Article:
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. Last Updated: 07/27/2016

3 Russian Firms Off FT500 List

Three Russian companies have been removed from a list of the world's 500 largest companies compiled annually by the Financial Times, as growth in the value of domestic companies over the past year failed to keep pace with those in the rest of the world.

The nickel manufacturer Norilsk Nickel, the oil company Yukos and the utility Unified Energy Systems are no longer on the list, which measured companies by their market capitalization, or the value of their shares, on March 31.

The U.S. giants General Electric, ExxonMobil and Microsoft top this year's rankings.

Over the past year, foreign and domestic investors have become unsettled by a spate of government demands for back taxes from companies, by a lack of commitment from the government to reforms and by the experiences of Yukos, including the conviction of the company's former boss Mikhail Khodorkovsky earlier this month.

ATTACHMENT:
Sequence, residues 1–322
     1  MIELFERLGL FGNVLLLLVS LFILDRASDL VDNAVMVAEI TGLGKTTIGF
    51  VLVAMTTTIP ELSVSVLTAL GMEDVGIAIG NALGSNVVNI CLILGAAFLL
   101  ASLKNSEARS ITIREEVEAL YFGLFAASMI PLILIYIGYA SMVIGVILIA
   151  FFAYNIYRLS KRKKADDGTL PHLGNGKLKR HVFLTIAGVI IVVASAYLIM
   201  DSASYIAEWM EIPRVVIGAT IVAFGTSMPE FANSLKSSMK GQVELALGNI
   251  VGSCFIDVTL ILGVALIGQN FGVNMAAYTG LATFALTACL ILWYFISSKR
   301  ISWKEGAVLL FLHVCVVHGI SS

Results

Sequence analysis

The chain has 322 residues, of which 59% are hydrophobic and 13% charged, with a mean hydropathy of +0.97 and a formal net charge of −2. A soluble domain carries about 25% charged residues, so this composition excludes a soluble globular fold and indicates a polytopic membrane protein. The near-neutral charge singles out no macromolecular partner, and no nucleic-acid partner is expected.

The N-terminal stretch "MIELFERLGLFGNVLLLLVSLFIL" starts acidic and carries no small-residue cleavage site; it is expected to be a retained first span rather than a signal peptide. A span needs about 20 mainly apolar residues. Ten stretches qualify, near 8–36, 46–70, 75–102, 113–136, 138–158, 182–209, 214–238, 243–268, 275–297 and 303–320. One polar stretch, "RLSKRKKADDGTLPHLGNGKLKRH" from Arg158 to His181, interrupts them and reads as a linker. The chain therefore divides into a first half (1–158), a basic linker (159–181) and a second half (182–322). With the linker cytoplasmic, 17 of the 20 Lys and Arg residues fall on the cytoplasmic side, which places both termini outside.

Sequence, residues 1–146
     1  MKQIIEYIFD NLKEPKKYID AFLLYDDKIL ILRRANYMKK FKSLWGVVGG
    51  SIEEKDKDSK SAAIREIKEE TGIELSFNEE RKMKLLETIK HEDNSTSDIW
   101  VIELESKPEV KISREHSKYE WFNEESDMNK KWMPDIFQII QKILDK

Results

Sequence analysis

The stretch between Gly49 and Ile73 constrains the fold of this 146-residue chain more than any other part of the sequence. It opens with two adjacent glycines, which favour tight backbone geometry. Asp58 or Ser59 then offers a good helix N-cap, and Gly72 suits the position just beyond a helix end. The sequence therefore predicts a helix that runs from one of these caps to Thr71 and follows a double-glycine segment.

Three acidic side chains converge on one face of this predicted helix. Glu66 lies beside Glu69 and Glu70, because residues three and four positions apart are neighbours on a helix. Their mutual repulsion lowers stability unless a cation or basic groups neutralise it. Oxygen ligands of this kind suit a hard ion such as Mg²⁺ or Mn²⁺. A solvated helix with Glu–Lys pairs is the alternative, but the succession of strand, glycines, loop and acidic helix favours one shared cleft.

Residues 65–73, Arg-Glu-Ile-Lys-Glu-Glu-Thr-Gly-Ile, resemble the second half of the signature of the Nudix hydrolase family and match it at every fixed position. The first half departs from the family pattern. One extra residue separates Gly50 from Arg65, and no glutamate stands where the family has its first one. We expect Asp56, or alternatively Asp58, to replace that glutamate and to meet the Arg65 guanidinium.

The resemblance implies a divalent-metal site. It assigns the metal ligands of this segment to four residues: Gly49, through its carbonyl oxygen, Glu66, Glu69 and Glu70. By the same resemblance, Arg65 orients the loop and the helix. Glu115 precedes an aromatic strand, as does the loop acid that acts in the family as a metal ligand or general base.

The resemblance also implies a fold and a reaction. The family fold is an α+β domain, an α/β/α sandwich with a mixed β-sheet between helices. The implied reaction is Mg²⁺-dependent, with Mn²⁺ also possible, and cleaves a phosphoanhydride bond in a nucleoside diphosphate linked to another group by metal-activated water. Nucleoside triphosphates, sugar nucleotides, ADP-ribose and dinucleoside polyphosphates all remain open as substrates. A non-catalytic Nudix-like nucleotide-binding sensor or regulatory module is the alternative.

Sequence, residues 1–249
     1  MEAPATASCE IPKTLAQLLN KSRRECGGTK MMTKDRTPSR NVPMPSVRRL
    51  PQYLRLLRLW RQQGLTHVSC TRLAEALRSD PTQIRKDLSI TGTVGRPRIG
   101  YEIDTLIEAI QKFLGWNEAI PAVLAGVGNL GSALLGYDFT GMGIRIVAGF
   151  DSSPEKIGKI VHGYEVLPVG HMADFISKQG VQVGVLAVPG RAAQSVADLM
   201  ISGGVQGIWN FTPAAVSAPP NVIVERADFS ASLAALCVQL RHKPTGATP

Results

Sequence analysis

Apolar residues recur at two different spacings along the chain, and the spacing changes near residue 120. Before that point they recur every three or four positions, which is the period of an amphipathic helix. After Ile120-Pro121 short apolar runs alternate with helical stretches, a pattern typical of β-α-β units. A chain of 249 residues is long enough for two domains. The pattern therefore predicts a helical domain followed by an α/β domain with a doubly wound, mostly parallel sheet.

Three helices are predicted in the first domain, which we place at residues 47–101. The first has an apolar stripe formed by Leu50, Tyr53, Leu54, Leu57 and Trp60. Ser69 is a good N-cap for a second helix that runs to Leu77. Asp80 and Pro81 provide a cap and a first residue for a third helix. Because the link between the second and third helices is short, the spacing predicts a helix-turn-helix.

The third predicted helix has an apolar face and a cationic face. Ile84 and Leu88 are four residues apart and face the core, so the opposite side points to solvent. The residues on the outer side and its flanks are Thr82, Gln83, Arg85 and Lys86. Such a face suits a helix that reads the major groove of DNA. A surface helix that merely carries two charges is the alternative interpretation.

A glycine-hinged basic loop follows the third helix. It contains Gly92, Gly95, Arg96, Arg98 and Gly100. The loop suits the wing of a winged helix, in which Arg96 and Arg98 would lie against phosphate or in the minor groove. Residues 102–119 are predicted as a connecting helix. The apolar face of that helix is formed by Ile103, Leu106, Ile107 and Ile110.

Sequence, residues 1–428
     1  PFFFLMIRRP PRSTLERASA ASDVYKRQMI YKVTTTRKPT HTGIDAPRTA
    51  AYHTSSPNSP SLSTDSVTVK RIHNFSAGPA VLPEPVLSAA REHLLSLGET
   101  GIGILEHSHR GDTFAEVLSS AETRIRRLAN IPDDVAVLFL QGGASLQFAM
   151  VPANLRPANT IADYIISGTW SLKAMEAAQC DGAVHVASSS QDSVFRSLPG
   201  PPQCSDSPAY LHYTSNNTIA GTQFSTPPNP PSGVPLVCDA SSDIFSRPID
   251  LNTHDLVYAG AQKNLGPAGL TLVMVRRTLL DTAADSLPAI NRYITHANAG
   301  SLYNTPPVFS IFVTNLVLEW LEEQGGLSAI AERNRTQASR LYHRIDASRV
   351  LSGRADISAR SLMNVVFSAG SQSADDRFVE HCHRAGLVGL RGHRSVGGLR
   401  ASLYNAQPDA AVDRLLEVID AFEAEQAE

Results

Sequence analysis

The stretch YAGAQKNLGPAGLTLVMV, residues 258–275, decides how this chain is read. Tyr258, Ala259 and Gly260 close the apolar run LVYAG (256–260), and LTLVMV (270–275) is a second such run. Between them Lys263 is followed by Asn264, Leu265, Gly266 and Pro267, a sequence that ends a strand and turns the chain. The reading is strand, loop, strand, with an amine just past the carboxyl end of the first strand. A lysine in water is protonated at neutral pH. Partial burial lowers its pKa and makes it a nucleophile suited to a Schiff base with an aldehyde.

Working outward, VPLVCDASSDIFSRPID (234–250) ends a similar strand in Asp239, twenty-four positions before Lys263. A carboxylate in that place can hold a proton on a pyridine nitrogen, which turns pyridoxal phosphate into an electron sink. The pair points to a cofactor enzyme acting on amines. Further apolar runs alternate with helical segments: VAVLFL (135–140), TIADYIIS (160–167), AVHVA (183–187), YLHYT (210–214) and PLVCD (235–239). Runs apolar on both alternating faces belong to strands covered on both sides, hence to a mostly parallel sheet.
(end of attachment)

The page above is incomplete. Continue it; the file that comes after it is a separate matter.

The mobile phone company VimpelCom and the joint Russian-British oil venture TNK-BP were just two of the companies presented with large back tax claims that were later revised downward.

Yukos' market capitalization slid to $1.26 billion on March 31, down from $29.42 billion one year earlier, according to the FT survey.

Four Russian companies that avoided the political storm of the past year remain on the list of the world's most valuable companies. Gazprom rose to become the world's 58th-most valuable company, with its shares worth $67.94 billion at the end of March. Surgutneftegaz, LUKoil and MTS also remained on the list.

The FT survey coincides with a report from the Fitch ratings agency. The report, which was released on Monday, said $33 billion left Russia in 2004, a fact Fitch described as "a symptom of the hostile investment climate."

"Not only is it unusually large, but it is also rising," it said about the amount of cash leaving the country. "Last year's total was the highest since 1997, when Russians headed for the exits before the 1998 default and devaluation," Edward Parker, senior director in the Sovereign Group at Fitch, wrote in the report.